' ' Cinema Romantico: BlackBerry

Monday, June 12, 2023


“BlackBerry” begins with monochrome archival footage of Arthur C. Clarke famously predicting a city-less future, foretelling that “Men will no longer commute – they will communicate.” In other words, this Canadian kinda dramedy directed by Matt Johnson and written by Johnson and Matthew Miller adapted from a non-fiction book by Jacquie McNish and Sean Silcoff, begins by talking about the future even as it returns to the past, which ultimately becomes an apt metaphor for the movie itself. Not just because it chronicles the rise and fall of its eponymous device, a pager that receives email, a computer in your pocket, the thing, as one character eventually puts it when the writing on the wall becomes clear, that everyone had before an iPhone, but because that rise and fall, a kind of capitalistic Icarus complex, is as old as time. And rather than examine the technological, even societal, possibilities the BlackBerry suggests, “BlackBerry” sharpens its focus to nothing but the business plan, a limited scope that is as successful in so far as it goes which is pretty damn far.

The BlackBerry is devised by a Canadian company called Research in Motion that in its tiny nerd culture comes across more like Semi-Operational Romper Room, its anti-social CEO Mike Lazaridis (Jay Baruchel, playing a turtle never sure it wants to emerge from its shell) and his headband-sporting Michael Bolton-ish (the other one) partner Douglas Fregin (Matthew Johnson, impressively never playing the part as likable as you would think) barely equipped to make a standard business pitch, which they do in an early scene to balding, ferocious Jim Balsillie (Glenn Howerton) who dismisses them without hardly looking at them. But when Jim takes his own business pitch too far, getting himself fired in the process, he convinces Mike and Doug to let him take command of Research in Motion, suggesting Alec Baldwin of “Glengarry Glen Ross” running a Star Trek convention. Astutely, Doug deems Jim a shark, and he is, all forward momentum, as is “BlackBerry” itself, essentially divided into three parts, the meteoric rise into something huge, the insistence on becoming huger, and then too huge, innately repurposing Gordon Gekko’s Greed is Good mantra as Growth is Good until there’s no room left to grow.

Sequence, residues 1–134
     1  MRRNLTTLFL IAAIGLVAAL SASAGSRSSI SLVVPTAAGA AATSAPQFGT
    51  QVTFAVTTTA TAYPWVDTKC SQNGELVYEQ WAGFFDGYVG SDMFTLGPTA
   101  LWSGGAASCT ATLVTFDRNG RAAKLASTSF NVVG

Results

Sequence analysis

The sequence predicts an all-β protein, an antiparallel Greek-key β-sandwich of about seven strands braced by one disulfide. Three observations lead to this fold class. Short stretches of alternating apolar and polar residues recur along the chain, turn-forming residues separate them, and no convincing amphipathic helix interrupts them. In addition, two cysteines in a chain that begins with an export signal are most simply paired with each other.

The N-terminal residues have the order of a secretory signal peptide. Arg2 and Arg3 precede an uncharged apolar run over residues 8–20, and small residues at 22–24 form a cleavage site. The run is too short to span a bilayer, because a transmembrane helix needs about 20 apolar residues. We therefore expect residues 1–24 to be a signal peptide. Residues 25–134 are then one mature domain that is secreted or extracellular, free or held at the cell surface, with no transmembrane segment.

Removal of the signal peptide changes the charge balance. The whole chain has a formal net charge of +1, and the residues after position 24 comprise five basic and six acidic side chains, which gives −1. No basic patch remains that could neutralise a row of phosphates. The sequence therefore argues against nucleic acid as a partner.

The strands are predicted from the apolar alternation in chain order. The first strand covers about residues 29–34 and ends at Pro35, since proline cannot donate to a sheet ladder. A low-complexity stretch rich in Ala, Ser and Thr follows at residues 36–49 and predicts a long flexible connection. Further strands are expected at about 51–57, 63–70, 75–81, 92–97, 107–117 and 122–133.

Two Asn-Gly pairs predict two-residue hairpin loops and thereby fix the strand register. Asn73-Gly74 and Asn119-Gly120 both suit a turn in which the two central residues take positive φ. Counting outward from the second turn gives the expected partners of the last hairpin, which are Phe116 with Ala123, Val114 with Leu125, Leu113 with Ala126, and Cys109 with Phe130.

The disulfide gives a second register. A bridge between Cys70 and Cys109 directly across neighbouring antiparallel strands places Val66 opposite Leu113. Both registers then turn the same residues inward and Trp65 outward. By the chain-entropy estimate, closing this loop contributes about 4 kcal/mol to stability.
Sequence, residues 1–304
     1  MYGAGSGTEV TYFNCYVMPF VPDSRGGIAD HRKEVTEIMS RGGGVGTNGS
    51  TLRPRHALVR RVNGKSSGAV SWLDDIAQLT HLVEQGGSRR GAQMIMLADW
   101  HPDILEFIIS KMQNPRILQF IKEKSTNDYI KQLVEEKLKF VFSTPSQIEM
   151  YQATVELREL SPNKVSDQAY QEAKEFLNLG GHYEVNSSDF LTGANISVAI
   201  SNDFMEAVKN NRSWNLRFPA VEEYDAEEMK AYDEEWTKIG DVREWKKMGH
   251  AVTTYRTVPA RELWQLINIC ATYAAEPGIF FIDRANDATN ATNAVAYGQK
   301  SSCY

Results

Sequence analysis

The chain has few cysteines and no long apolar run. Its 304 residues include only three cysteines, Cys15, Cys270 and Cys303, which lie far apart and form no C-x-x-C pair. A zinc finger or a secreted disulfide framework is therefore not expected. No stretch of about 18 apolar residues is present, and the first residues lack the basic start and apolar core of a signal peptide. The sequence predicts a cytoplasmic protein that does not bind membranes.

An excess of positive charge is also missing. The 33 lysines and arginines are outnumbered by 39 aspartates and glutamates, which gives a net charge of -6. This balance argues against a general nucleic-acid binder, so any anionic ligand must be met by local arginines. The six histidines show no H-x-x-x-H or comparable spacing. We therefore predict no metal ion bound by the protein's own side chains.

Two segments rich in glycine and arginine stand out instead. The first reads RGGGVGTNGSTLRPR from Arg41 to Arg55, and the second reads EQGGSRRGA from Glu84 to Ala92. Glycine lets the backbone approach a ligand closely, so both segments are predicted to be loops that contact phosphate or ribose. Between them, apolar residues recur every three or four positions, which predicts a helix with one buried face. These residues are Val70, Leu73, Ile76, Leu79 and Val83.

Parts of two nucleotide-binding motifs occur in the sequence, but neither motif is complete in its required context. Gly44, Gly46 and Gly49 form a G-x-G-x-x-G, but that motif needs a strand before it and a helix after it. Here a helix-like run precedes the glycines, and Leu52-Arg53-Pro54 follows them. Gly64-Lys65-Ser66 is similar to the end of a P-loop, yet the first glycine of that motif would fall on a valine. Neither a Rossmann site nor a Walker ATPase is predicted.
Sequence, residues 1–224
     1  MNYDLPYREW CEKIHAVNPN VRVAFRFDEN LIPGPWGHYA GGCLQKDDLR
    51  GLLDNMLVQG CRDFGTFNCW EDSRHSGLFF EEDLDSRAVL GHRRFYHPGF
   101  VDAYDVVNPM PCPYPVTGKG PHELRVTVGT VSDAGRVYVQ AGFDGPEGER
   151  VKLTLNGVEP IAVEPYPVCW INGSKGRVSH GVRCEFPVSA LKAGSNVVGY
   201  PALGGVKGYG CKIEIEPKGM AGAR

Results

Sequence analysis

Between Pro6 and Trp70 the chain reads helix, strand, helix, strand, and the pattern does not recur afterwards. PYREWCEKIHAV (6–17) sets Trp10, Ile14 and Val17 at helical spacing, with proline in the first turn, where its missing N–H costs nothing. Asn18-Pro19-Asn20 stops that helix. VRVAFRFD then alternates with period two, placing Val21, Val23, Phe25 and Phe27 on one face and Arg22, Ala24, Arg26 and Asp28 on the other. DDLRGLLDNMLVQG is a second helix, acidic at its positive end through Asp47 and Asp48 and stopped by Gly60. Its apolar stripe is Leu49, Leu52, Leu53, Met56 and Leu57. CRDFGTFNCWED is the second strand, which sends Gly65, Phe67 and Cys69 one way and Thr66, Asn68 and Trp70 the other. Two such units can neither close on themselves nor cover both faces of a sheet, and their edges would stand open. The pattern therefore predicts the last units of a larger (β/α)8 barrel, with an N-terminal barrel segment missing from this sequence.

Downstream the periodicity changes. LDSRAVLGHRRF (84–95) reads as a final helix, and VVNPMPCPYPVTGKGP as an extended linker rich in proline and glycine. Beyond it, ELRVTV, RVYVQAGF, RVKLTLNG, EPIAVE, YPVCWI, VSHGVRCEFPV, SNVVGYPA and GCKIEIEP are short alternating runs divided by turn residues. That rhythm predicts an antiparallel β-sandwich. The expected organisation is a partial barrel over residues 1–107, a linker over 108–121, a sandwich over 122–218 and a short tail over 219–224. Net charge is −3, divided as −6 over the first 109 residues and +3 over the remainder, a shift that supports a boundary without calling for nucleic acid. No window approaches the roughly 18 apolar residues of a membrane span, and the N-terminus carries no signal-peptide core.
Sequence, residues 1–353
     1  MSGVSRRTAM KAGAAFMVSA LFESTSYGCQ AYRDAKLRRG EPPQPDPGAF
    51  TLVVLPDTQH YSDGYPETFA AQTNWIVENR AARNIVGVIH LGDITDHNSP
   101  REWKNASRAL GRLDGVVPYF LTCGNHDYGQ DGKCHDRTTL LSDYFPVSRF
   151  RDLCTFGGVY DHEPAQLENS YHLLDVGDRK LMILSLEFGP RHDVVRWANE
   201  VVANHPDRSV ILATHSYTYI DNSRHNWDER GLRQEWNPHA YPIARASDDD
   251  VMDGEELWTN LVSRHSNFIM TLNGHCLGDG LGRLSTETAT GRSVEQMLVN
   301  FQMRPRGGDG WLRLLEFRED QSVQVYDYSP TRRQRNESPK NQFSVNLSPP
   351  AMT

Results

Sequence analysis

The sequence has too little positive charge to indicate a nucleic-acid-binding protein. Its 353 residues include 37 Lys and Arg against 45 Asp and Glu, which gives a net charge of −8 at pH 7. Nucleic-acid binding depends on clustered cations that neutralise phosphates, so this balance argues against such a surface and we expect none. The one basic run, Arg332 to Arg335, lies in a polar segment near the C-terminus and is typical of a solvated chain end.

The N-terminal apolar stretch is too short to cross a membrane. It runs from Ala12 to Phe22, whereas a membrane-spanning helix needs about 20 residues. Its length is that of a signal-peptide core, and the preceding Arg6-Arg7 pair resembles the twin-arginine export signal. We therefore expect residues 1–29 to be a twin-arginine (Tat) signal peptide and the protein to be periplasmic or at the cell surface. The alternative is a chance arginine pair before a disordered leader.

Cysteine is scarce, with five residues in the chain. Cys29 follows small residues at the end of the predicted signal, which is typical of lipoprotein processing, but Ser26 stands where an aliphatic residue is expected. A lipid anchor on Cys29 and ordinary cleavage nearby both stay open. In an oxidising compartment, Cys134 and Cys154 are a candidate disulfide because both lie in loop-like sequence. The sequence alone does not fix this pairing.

There are moments when Jim, both in the character as written and in Howerton’s performance, suggests the political operative Malcolm Tucker of “In the Loop.” Not just in the unrelenting profanity and general indifference to compassion, but in moments of impending dramatic shifts where you can see a split-second decision pass over Howerton’s face like a storm cloud and then give way to instant action, immediacy being more crucial than whether the character is right or wrong. That Malcolm Tucker corollary is enhanced by the movie’s visual approach, a handheld docudrama sensation infusing “BlackBerry” with the feeling of satire. At one point, in heated orders from the company’s new taskmaster CFO (a perfectly cast Michael Ironside), the camera zooms in on the lone woman in the room, cluing you into how few women there are in this environment and deliberately prodding you to laugh, mocking the world in which it is immersed.

As “BlackBerry” moves toward its conclusion, it becomes clear in the way relationships play out as the SEC closes in that Johnson is aiming for a kind of wistfulness a la “The Social Network.” The latter, though, injected its narrative with human dimension whereas as the herky jerky handheld close-ups dominating “BlackBerry” put into perspective its pointedly limited, office-only scope. Mike’s tactile nature and Doug’s insistence on a work/life balance are intriguing ideas that remain on the periphery, the business of the BlackBerry brought wholly to the fore. It’s not simply that we know how it all ends, but that absent fully rounded out characters, there is an inertia to the brewing calamity, and the final third feels less like tragic overreach than merely following the script to its logical end point. But then, what it lacks in tragedy, it makes up for in all-out capitalist ruthlessness, brought home by Howerton in his final scene, the one where his two-hour tempest finally relents, cracking a knowing smile. A shark “has to constantly move forward or it dies,” Alvy Singer once observed, and in this moment, Howerton turns Jim Balsillie into “a dead shark.”

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